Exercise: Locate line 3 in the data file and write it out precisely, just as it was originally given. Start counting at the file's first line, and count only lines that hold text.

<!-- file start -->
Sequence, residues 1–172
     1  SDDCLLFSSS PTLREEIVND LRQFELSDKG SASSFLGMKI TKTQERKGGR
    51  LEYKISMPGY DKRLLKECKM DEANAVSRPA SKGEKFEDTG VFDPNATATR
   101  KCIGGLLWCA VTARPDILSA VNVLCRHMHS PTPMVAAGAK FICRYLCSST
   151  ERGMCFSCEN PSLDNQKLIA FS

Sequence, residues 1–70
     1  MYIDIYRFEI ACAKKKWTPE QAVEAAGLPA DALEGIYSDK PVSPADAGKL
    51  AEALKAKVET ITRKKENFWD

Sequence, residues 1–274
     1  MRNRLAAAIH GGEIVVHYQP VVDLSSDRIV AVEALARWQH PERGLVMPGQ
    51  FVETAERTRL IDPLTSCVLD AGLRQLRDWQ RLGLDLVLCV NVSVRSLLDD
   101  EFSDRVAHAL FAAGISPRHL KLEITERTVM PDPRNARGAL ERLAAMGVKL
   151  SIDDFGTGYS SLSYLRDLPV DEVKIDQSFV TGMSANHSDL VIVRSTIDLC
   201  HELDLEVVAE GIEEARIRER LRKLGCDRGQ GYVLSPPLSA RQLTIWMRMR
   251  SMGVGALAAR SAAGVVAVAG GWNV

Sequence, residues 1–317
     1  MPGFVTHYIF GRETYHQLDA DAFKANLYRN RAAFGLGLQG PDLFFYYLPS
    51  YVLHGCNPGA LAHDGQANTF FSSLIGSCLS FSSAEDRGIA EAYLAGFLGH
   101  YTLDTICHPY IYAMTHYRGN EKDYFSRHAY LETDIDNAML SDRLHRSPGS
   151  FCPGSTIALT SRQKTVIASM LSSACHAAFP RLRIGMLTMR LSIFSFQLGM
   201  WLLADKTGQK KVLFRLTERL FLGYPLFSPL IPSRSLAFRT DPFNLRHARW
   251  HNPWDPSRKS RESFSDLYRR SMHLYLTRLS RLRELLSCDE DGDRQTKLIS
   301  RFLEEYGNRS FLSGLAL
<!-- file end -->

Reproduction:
    51  LEYKISMPGY DKRLLKECKM DEANAVSRPA SKGEKFEDTG VFDPNATATR